May 23, 2010

Reading "The Sharper Your Knife, the Less You Cry"

"The Sharper Your Knife, The Less You Cry" is an exceptional book. This true story is a first book by Kathleen Flinn who has been a writer for over 20 years. At the age of 36, Flinn had built a career as an executive with a major software firm, she managed 24 people and her team ran a $100,000,000 division. She'd fought long and hard to get where she was and had just realized that she was truly in love with Mike, the man she'd been seeing. Sounds wonderful? Maybe not! As she returned from a vacation with Mike, her boss asked to meet her in a hotel lobby rather than the office. And this is where her new life began, as the old one was yanked out from beneath her and she was suddenly without a job, an American living in London.

Her dream since being a child was to cook, to attend Le Cordon Bleu, the famous cooking school in Paris. Now, with Mike as her personal cheerleader, she applies to attend the school and is accepted. She quickly moves to France and begins the difficult task of earning a diploma in January 2004. This means successfully completing three parts of a "classic cycle" of cooking ... Basic, Intermediate and Superior Cuisine.

This is a very well-told story that made me alternately laugh out loud and hold my head in agony. You must really want a diploma to go through this process, especially when your French is lacking. Can you imagine being screamed at in French by a French chef in front of the entire class and not really understanding what he's upset about? How do you fix what you don't understand? The tag line on the cover of this book is "Love, laughter and tears in Paris at the world's most famous cooking school." Such a true statement!

Here are a few excerpts from the book:

     Le Cordon Bleu began life in the late 1800s as a cooking magazine started by French Journalist Marthe Distel. La cuisinère Cordon-bleu centered on classic recipes and tips for entertaining, a nineteenth-century version of Gourmet. To boost circulation, Distel offered free cooking classes to subscribers. After the first was held in 1895, the lessons proved to be more popular than the magazine. Le Cordon Bleu now has twenty-seven schools in fifteen countries; the magazine closed in the 1960s.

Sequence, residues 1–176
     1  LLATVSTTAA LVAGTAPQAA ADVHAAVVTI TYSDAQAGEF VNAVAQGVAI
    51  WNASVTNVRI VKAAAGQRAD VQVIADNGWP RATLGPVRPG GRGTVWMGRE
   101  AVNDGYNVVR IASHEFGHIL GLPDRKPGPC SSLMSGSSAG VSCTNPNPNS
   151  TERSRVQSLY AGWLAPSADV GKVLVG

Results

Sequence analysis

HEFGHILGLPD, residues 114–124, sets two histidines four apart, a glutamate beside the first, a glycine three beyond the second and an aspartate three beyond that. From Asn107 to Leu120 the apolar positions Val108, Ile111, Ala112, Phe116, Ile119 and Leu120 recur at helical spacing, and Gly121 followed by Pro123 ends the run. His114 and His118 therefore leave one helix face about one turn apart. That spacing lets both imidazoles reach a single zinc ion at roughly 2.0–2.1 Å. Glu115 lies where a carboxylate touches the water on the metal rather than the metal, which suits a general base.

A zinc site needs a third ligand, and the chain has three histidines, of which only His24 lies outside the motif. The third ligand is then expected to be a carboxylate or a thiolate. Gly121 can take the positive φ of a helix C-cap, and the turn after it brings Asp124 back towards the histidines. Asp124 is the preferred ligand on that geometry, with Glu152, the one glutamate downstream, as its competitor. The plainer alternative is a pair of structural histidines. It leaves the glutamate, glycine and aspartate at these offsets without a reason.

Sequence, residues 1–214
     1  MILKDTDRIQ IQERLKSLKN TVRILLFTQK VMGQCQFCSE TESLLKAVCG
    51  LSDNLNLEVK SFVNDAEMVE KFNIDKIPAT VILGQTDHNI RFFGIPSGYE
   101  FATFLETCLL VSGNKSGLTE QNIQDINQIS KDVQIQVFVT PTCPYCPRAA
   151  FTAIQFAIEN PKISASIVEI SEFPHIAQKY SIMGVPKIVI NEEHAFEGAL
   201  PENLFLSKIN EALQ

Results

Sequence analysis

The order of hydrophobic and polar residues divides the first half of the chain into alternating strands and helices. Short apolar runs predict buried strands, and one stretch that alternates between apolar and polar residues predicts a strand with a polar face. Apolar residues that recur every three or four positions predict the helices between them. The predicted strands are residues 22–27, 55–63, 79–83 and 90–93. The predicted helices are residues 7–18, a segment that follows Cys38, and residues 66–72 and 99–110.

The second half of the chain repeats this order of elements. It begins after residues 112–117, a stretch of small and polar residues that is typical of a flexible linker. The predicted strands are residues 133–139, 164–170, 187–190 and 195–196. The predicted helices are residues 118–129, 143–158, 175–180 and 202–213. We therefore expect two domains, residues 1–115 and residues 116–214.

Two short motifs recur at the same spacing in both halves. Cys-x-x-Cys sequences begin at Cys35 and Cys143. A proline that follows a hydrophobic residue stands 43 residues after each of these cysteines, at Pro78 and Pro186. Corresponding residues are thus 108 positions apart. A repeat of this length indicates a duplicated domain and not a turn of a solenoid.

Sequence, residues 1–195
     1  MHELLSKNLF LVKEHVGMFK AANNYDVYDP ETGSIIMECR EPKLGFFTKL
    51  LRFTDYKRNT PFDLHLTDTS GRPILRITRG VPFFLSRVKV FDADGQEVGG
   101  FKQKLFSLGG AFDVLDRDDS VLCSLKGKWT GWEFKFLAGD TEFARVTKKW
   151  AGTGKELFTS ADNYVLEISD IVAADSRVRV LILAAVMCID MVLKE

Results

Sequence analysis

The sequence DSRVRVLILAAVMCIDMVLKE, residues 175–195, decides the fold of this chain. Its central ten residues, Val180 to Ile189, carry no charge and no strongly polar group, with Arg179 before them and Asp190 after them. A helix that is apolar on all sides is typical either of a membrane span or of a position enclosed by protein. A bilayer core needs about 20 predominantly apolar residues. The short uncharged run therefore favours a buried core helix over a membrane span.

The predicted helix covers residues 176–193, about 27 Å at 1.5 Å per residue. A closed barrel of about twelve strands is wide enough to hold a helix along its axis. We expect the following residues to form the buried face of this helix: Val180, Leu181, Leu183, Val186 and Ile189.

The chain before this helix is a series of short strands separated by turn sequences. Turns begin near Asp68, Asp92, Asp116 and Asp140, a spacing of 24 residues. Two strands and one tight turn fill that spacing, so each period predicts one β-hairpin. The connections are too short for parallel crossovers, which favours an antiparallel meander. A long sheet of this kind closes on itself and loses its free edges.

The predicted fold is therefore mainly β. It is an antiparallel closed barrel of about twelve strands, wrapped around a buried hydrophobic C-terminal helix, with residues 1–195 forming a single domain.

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     "Hot food always goes on a hot plate, and cold food goes on a cold plate," Anne says as Chef takes a blue-rimmed dinner plate out of the oven and sets the fish on top with some sauce and perfectly chopped parsley. With that, he bows, the class applauds, and students crowd around the chef's plate to take copious photos.
     We taste. The sweet fish couples nicely with the sting of the shallots, muted by the softness of the butter sauce. This is more like it, I think.
     He makes it all look easy, but then chefs are like that. They're magicians in white, accomplished at sleight of hand.

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     The Saturday after the buffet, I review the remaining ten lessons for Intermediate Cuisine. Among them is another featuring puff pastry. I head down to rue Montorgueil and pack my collapsible shopping cart with two heavy bags of flour, dry butter, and fresh yeast. Mike lugs them up the stairs to our flat. For the next three days, I make no less than six batches of puff pastry. By the fourth batch, it's light, airy, and flaky. I work slowly and methodically, remembering that you cannot rush puff pastry. You must show it respect, like a person you admire. Showing remarkable restraint, I eat none of it, so that I can fit into a wedding dress, if I ever find one.